Walsh et al v. Local 108

Filing 25

ORDER: "Defendant's Motion to Dismiss" (Doc. 15) is denied. Defendant is directed to file an answer on or before December 3, 2021. See Order for details. Signed by Judge Thomas P. Barber on 11/18/2021. (ANL)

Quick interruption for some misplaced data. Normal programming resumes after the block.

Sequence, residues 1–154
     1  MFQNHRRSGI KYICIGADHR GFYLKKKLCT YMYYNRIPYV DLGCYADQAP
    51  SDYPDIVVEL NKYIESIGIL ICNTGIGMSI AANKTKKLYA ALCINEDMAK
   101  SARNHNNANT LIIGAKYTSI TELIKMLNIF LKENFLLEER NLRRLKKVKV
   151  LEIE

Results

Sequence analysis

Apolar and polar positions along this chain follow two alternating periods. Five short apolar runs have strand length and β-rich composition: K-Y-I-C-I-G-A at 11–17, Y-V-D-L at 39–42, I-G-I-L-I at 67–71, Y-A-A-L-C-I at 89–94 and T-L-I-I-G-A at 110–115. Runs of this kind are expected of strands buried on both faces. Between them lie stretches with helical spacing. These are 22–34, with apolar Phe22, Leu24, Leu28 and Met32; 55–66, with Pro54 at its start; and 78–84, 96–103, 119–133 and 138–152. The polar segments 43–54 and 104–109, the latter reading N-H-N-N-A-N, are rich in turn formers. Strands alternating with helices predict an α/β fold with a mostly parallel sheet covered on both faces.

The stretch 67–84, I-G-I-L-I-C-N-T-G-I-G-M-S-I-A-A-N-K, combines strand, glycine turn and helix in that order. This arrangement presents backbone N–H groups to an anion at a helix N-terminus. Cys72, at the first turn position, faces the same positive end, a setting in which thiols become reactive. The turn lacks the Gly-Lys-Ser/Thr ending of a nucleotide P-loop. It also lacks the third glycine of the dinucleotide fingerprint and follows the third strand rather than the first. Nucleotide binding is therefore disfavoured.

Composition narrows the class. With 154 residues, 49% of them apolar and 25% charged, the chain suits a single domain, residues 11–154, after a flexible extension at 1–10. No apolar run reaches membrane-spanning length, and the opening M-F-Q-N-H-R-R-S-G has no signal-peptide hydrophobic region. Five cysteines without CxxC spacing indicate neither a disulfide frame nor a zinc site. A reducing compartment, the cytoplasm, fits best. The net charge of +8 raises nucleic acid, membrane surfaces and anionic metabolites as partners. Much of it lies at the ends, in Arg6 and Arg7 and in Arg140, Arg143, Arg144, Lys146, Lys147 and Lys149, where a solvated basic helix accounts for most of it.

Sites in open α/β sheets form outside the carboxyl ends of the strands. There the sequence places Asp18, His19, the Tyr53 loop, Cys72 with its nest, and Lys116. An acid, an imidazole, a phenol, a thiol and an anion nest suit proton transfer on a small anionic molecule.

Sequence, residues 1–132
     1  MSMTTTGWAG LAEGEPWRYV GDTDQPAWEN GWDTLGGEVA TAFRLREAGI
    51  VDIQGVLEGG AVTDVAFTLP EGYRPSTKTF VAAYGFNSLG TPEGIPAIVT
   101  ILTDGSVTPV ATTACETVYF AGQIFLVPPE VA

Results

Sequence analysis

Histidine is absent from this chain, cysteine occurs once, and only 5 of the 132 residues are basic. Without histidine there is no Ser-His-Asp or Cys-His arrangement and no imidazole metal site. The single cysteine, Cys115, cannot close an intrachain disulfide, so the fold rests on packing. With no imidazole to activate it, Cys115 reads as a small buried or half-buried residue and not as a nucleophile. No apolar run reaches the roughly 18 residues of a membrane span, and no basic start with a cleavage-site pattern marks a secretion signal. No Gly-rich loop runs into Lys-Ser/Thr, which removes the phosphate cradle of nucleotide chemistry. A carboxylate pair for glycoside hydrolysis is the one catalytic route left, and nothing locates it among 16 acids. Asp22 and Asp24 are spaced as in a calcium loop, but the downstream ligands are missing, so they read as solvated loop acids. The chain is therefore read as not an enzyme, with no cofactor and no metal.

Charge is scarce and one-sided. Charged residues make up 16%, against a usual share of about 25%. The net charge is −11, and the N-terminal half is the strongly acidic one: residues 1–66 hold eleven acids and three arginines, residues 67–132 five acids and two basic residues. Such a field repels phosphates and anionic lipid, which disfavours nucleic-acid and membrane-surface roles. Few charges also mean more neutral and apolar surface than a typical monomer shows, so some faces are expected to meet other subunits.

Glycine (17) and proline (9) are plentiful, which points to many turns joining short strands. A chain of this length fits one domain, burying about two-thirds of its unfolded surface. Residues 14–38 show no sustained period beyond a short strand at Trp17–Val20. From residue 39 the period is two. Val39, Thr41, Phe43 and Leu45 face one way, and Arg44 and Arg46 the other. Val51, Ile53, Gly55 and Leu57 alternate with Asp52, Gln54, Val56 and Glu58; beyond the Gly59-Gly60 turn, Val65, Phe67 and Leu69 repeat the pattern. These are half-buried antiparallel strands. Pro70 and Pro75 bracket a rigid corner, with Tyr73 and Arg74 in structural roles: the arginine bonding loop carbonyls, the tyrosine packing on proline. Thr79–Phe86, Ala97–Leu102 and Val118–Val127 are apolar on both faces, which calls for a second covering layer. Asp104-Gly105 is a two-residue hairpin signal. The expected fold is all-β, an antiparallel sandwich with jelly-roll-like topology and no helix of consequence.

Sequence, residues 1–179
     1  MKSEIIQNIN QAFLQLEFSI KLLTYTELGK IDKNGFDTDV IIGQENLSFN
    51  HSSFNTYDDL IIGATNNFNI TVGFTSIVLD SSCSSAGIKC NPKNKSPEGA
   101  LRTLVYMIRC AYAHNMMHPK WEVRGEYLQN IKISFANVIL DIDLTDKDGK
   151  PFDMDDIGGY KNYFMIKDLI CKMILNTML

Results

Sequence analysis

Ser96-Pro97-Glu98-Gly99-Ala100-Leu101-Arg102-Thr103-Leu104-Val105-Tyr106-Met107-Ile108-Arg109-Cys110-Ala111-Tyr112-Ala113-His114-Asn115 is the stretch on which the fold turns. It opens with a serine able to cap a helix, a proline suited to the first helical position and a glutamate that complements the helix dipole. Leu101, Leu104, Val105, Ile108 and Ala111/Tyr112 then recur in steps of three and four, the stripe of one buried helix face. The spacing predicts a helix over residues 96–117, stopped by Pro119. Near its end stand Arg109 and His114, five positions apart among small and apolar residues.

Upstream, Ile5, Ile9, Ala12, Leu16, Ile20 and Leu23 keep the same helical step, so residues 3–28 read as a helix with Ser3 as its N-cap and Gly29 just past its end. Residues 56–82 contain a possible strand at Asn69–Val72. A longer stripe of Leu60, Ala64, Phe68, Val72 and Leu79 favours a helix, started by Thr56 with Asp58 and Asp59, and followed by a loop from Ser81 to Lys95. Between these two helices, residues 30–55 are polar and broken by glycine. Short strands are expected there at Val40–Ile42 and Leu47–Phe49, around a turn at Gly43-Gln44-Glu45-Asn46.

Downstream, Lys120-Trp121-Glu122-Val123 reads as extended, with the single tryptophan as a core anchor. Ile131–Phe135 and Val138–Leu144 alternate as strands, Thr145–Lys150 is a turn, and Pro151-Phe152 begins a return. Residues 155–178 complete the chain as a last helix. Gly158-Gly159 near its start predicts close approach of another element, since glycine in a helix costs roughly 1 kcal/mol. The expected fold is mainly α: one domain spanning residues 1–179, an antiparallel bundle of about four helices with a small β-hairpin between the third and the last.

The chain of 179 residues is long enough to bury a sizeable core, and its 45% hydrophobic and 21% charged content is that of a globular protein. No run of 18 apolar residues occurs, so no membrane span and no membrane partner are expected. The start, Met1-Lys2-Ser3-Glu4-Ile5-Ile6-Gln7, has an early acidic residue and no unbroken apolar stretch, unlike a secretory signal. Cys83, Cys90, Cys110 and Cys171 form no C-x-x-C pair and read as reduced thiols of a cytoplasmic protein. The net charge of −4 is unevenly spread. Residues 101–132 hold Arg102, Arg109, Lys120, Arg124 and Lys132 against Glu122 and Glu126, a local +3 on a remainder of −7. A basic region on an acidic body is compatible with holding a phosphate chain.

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Case 8:21-cv-01976-TPB-JSS Document 25 Filed 11/18/21 Page 1 of 6 PageID 104 UNITED STATES DISTRICT COURT MIDDLE DISTRICT OF FLORIDA TAMPA DIVISION MARTIN J. WALSH, Secretary of Labor, UNITED STATES DEPARTMENT OF LABOR, Plaintiff, v. Case No. 8:21-cv-1976-TPB-JSS LOCAL 108, INTERNATIONAL BROTHERHOOD OF ELECTRICAL WORKERS, Defendant. ________________________________/ ORDER DENYING “DEFENDANT’S MOTION TO DISMISS” This matter is before the Court on “Defendant’s Motion to Dismiss,” filed by counsel on October 1, 2021. (Doc. 15). On October 15, 2021, Plaintiff Martin J. Walsh, Secretary of Labor, filed a response in opposition to the motion. (Doc. 17). On October 25, 2021, Defendant Local 108, International Brotherhood of Electrical Workers filed a reply. (Doc. 22). After reviewing the motion, response, reply, court file, and the record, the Court finds as follows: Background In this case, the Secretary of Labor has filed a complaint under Title IV of the Labor Management Reporting and Disclosure Act (“LMRDA”) to challenge a recent officer election conducted by Defendant Local 108. Defendant is a labor organization that represents approximately 1,000 members in Central Florida. Due to the impact of the COVID-19 pandemic, Defendant rescheduled its election for Page 1 of 6 Case 8:21-cv-01976-TPB-JSS Document 25 Filed 11/18/21 Page 2 of 6 PageID 105 September 5, 2020. Defendant notified its members that they could vote by absentee ballot and advised its members that those who wanted an absentee ballot were required to submit a written request to Election Judge Sam Bump at least five days prior to the election; members were directed to mail these absentee requests to P.O. Box 1974, Oldsmar, Florida 34677. In early September, days before the election, several members contacted Defendant to notify the Election Judge that their absentee ballot requests had been returned by the United States Postal Service (“USPS”). On September 4, 2020, Bump contacted USPS to inquire as to why absentee ballot requests were being returned. USPS responded – after the election – to explain that the postal clerk had erroneously assigned P.O. Box 1974 to the Election Judge when this box had also been rented to another customer, the Kelby Media Group. USPS informed Bump that the Kelby Media Group had returned an unspecified number of absentee ballot requests, which USPS subsequently returned to the senders. 1 At least thirteen members had their absentee ballot requests returned as undeliverable and did not vote in the election. Based on these events, Plaintiff has alleged violations of 29 U.S.C. § 481(c) (requiring adequate safeguards to ensure a fair election) and 29 U.S.C. § 481(e) (guaranteeing that every member in good standing shall have the right to vote for candidate of his or her choice). Plaintiff seeks a judgment declaring the September 5, 2020, election void and directing Defendant to conduct a new election under USPS also told Bump, incorrectly, that “all mail” addressed to him at P.O. Box 1974 had been returned to senders, despite the fact that Bump had already retrieved 94 absentee ballot requests. 1 Page 2 of 6 Case 8:21-cv-01976-TPB-JSS Document 25 Filed 11/18/21 Page 3 of 6 PageID 106 Plaintiff’s supervision, with new nominations for the positions of President, Business Manager/Financial Secretary, and three convention delegates. Legal Standard Federal Rule of Civil Procedure 8(a) requires that a complaint contain “a short and plain statement of the claim showing the [plaintiff] is entitled to relief.” Fed. R. Civ. P. 8(a). While Rule 8(a) does not demand “detailed factual allegations,” it does require “more than labels and conclusions, and a formulaic recitation of the elements of a cause of action will not do.” Bell Atl. Corp. v. Twombly, 550 U.S. 544, 555 (2007). In order to survive a motion to dismiss, factual allegations must be sufficient “to state a claim to relief that is plausible on its face.” Id. at 570. When deciding a Rule 12(b)(6) motion, review is generally limited to the four corners of the complaint. Rickman v. Precisionaire, Inc., 902 F. Supp. 232, 233 (M.D. Fla. 1995). Furthermore, when reviewing a complaint for facial sufficiency, a court “must accept [a] [p]laintiff’s well pleaded facts as true, and construe the [c]omplaint in the light most favorable to the [p]laintiff.” Id. (citing Scheuer v. Rhodes, 416 U.S. 232, 236 (1974)). “[A] motion to dismiss should concern only the complaint’s legal sufficiency, and is not a procedure for resolving factual questions or addressing the merits of the case.” Am. Int’l Specialty Lines Ins. Co. v. Mosaic Fertilizer, LLC, 8:09-cv-1264-T-26TGW, 2009 WL 10671157, at *2 (M.D. Fla. Oct. 9, 2009) (Lazzara, J.). Page 3 of 6 Case 8:21-cv-01976-TPB-JSS Document 25 Filed 11/18/21 Page 4 of 6 PageID 107 Analysis Defendant argues that Plaintiff cannot state a plausible claim for relief because Title IV does not regulate the conduct of third parties or make unions liable for the mistakes of others over whom the union has no authority or control. Defendant contends that the complaint therefore improperly seeks to hold Defendant legally responsible for an error committed by USPS. Title IV requires a local union conducting an election to provide adequate safeguards to ensure a fair election and guarantee its members’ right to vote. 29 U.S.C. § 401(c), (e). Plaintiff asserts that Defendant violated these laws by, among other things, using a post office box that was rented and accessed by another entity throughout the election period. Even if the post office box mix-up was an error committed by USPS rather than Defendant, an error committed by a third party may still constitute a LMRDA violation. See, e.g., Dole v. Local 492, Bakery, Confectionery & Tobacco Workers Intl Union, No. 89-2618, 1989 WL 126182, at *1, 4 (E.D. Pa. Oct. 23, 1989); Marshall v. Local 2, Int’l Union of Police & Prot. Emp. Indep. Watchman’s Ass’n, No. 78 Civ. 3879-CSH, 1979 WL 1832, at *5 (S.D.N.Y. Jan. 5, 1979); Wirtz v. Am. Guild of Variety Artists, 267 F. Supp. 527, 541 (S.D.N.Y. 1967). The Court acknowledges that these cases do not squarely address errors committed by a third party that happens to be a governmental entity. But even if the Court were inclined to conclude that Defendant could not be held responsible for the post office box mix-up, the complaint encompasses more than just this alleged error. Plaintiff alleges that Defendant became aware of problems with the absentee Page 4 of 6 Case 8:21-cv-01976-TPB-JSS Document 25 Filed 11/18/21 Page 5 of 6 PageID 108 ballot request process prior to the election but did not correct or mitigate the problems. 2 This allegation concerns the conduct of Defendant, not USPS, and it implicates the adequate safeguard provision. See, e.g., Acosta v. Local 41, Int’l Bhd. of Teamsters, No. 4:18-cv-381-HFS, 2020 WL 11563944, at *3 (W.D. Mo. Feb. 10, 2020); Perez v. Amalgamated Transit Union Local 1700, 174 F. Supp. 3d 395, 396, 404 (D.D.C. 2016); Chao v. Local 54, Hotel Emps. & Rest. Emps. Int’l Union, 166 F. Supp. 2d 109, 113 (D.N.J. 2001). In addition, Defendant argues that Plaintiff cannot allege a § 401(e) violation because Plaintiff cannot establish that union members had a statutory right to cast votes by absentee ballot or that any members were prevented from voting. Yet, even if there is no statutory right to vote by absentee ballot, Plaintiff alleges that Defendant provided notice to its members that absentee ballots were available upon request and that the union bylaws also provide the right to vote by absentee ballot. Plaintiff also alleges that an indeterminable number of members were unable to vote in the election. 3 These allegations, taken as a whole, are sufficient to state a claim. Specifically, the Election Judge had received numerous absentee ballot requests each day before the requests suddenly stopped, and several members reached out to the Election Judge regarding their absentee ballot request being returned to them as undeliverable prior to the election. 3 Plaintiff asserts that an unknown number of members may have requested absentee ballots that were returned as undeliverable. In the complaint, Plaintiff specifically identifies thirteen members who had their absentee ballot requests returned as undeliverable and did not vote in the election. One additional member requested but did not receive an absentee ballot, and when that individual tried to vote in-person, he was required to vote a challenged ballot that was not counted. 2 Page 5 of 6 Case 8:21-cv-01976-TPB-JSS Document 25 Filed 11/18/21 Page 6 of 6 PageID 109 Ultimately, accepting Plaintiff’s allegations as true, the Court finds that Plaintiff has sufficiently pled that Defendant violated §§ 401(c) and (e) of the LMRDA, and these violations may have impacted the outcome of the challenged election. The motion to dismiss is denied. Accordingly, it is ORDERED, ADJUDGED, and DECREED: (1) “Defendant’s Motion to Dismiss” (Doc. 15) is DENIED. (2) Defendant is directed to file an answer on or before December 3, 2021. DONE and ORDERED in Chambers, in Tampa, Florida, this 18th day of November, 2021. TOM BARBER UNITED STATES DISTRICT JUDGE Page 6 of 6